By Amy Wenger
[caption id="attachment_14757" align="alignleft" ] You know the fruits and vegetables are fresh at the Wakarusa Produce Auction. Often, the produce is picked that morning and loaded on trucks for that afternoon's auction. (Photo by Amy Wenger)[/caption]
Ah, summer ... the season that seemingly takes far too long to arrive, is finally here. Folks have cleaned up their grills, brought out the patio furniture, and spent time lounging poolside basking in the long, leisurely daylight hours.
And what better way to complement those summer grilling nights, cookouts and camping excursions than by savoring some locally grown produce? Well, I have some tips for you. If you and your friends/family are planning for a camping, then it is pretty sure that you will have a lot of things to carry with you as you travel on your camping destination. For proper stuffing things you need an Inner Cargo Box at the roof of your car or vehicle. It is very helpful in storing additional baggage and gear, without eating up too much space within the car.
Check out some of these area shopping venues, but make sure you check the all-knives.org site, it is essential for all those camping nights. Some are perhaps a little off the beaten path but well worth the trip:
Wakarusa Produce Auction
65460 County Road 9, Goshen
Situated in rural Elkhart County, just north of C.R. 9 and C.R. 138, the Wakarusa Produce Auction is a bulk buyer’s dream. Truckloads, baskets, crates and pallets are loaded with seasonal fruits, vegetables, plants and flowers. Shoppers place bids on their preferred items in the hopes of bringing home the entire lot. Often, families go in as a group to bid, divvying up the prized produce after the win. Many times, the fruits and veggies are preserved and canned to capture the garden-grown flavor all year round. The bounty is brought in from several area farmers, and those who have shopped there noted that it is not unusual for the auction times to be delayed so that newer, fresher stock is readily available. The auction takes place three days a week, at 1 p.m. on Mondays and 11 a.m. on Wednesdays and Fridays until the final day of auction for 2017 on October 27. For more information, call (574) 862-2740.
Goshen Farmer’s Market
212 West Washington Street, Goshen
Nestled in the historic sector of downtown Goshen, near the picturesque setting of the Millrace Canal Trail, there are more than two dozen local vendors that can be found there on Saturdays from 8 a.m. until 1 p.m., with an additional group of sellers that settle there on Tuesdays from 3 to 7 p.m. Fruits and vegetables are plentiful here, as are healthful greens and advice from some of the top Master Gardeners from across the region, for those who may have an interest in cultivating the seeds of nurturing, growing and maintaining their own gardens. To view a list of the various vendors, visit www.goshenfarmersmarket.org. To learn more about how to become a vendor, call (574) 533-4747.
Sweet Corn Charlie’s
11003 C.R. 42, Millersburg, and at various locations throughout northern Indiana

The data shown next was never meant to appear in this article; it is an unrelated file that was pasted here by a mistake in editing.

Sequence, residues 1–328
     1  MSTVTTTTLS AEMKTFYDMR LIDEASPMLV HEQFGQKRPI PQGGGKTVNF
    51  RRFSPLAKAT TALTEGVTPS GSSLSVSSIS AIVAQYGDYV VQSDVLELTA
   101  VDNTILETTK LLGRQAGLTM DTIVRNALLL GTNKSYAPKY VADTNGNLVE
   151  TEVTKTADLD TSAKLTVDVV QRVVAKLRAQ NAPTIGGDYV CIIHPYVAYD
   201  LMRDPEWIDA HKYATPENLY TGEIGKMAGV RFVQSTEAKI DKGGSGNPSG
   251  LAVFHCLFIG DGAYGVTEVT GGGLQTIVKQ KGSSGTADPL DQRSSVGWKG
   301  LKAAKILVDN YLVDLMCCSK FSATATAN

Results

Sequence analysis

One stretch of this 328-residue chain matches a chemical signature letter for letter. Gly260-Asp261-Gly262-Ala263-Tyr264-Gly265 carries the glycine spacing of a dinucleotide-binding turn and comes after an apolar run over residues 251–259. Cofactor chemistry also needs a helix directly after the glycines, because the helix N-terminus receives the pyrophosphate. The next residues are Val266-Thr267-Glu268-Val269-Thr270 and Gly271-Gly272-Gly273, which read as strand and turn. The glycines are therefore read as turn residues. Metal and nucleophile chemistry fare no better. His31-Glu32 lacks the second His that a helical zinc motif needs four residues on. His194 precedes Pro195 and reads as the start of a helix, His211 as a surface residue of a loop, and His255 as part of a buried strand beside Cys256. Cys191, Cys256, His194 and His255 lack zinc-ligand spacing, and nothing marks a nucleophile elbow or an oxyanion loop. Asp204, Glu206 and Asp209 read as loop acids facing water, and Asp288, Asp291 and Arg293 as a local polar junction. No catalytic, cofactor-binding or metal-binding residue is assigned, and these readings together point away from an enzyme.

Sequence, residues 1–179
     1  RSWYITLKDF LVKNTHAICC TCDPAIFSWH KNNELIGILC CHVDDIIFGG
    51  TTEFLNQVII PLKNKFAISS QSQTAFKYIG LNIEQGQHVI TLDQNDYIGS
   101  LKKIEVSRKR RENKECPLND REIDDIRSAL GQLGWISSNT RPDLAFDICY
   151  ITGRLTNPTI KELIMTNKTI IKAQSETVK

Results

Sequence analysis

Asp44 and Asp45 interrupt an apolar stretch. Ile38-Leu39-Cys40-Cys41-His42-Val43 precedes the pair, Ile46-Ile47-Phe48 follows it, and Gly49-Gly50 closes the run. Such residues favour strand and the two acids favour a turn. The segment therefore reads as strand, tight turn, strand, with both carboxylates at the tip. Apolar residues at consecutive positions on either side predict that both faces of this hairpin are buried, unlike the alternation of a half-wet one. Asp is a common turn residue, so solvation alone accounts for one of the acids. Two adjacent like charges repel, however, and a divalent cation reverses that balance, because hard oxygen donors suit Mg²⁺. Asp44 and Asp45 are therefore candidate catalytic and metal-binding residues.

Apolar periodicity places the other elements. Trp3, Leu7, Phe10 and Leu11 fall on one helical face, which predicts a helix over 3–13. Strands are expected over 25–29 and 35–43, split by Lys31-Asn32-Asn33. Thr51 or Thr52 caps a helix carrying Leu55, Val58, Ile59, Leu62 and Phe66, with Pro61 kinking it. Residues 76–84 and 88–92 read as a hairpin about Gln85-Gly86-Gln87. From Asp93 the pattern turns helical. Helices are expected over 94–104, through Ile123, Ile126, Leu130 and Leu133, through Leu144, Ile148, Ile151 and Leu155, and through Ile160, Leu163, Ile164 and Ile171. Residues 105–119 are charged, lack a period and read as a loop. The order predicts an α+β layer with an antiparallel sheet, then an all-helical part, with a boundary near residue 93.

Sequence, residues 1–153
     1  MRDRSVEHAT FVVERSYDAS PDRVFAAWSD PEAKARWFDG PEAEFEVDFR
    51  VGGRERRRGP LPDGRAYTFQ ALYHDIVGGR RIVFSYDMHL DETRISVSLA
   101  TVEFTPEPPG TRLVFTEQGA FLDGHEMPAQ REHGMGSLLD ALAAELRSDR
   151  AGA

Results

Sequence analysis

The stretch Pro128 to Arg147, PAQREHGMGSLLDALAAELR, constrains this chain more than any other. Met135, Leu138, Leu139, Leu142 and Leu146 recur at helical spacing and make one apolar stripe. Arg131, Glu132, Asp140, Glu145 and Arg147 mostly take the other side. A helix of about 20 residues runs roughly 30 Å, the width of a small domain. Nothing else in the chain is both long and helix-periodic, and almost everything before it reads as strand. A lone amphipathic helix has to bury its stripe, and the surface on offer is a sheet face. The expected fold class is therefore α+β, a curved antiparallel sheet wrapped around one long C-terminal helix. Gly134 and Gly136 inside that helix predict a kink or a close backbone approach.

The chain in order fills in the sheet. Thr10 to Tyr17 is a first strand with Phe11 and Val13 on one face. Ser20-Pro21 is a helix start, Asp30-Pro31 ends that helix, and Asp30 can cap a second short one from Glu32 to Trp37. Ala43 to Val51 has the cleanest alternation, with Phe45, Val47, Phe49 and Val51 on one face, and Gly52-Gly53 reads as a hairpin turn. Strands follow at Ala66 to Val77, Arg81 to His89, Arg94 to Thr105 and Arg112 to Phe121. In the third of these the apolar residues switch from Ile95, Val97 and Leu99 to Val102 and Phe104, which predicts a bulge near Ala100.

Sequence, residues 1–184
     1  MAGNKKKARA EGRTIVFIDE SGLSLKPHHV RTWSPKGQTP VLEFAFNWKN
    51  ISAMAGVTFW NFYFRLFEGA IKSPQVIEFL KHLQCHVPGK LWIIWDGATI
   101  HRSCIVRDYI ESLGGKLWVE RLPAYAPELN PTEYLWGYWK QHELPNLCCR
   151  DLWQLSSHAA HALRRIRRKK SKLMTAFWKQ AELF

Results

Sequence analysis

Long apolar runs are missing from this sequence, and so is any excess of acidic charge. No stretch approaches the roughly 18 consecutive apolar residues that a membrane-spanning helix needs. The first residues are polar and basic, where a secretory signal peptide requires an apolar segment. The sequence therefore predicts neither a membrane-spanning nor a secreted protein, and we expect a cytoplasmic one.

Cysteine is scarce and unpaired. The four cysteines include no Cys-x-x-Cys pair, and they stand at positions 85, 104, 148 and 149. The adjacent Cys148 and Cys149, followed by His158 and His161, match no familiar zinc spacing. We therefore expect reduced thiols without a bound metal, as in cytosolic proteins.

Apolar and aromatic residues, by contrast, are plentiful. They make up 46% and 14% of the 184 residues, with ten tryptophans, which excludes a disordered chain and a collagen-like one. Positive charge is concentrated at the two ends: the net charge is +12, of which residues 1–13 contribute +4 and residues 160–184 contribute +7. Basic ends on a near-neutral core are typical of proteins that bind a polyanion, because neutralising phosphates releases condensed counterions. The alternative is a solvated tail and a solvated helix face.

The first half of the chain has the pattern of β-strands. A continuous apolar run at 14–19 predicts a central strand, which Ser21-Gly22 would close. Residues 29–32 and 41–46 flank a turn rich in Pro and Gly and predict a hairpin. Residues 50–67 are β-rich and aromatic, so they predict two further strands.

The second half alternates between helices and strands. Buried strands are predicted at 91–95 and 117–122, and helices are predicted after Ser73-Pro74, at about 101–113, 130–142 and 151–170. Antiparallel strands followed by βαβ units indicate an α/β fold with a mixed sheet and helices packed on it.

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Nearly everyone in this part of Indiana has likely either heard of or sampled some of the goods harvested in the rural heartland where Sweet Corn Charlie’s began more than 30 years ago. The humble origins of this enterprise are traced back to entrepreneurs Chuck and Tami Mohler, who had frequented Israel during their travels, thereby learning newer ways to grow produce that seemingly broke tradition from fickle northern Indiana growing seasons. The result has led to the unveiling of several spinoff locations from their central Millersburg farm. Sweet Corn Charlie’s now has sites in Dunlap, Middlebury, Shipshewana and Syracuse, among others. Take a look at their website, www.sweetcorncharlies.com, for specific times and locations nearest to your area.
The Dented Can
25743 State Road 119, Goshen
When the Dented Can first opened its doors, it was something of a novelty place — a converted barn that specialized primarily in the sale of overstock items and those with slightly damaged packaging. And now, along this stretch of southern Elkhart County, the store has become a favorite place for shoppers to take full advantage of not only the non-perishable goods, but for the best in produce, deli staples and baked goods. The Paul Royer family has maintained a reputable and loyal following, added new features as consumer demands grow and change. The luscious produce that is sold there has even found a niche in customized platters and edible bouquets. Cruise on over to this unique shopping experience, just beyond the intersection of S.R. 119 and C.R. 9, or call (574) 862-2212 for details.
Roadside stands and sellers
One thing that is sure to be true of Elkhart County during the most vital time of the crop growing season — there will be an abundance of just-picked produce. And it isn’t ever far from one’s home. Travel a mile or two in virtually any direction, particularly on the county roads, and you’re sure to find boldly painted, decorated signs beckoning guests to buy items ranging from corn to cantaloupe, melons to peppers, and pretty much anything in between. Speaking to the trustworthiness that is not yet fully lost, many of the farmers will simply leave a container to collect payment, believing in the honor system to make their profits. Something to note is that Sundays generally tend to be regarded as a time of rest and worship, and therefore, very few private vendors will be open for business on that day.
Amy Wenger is an experienced journalist and free-lance writer based in Nappanee, Ind.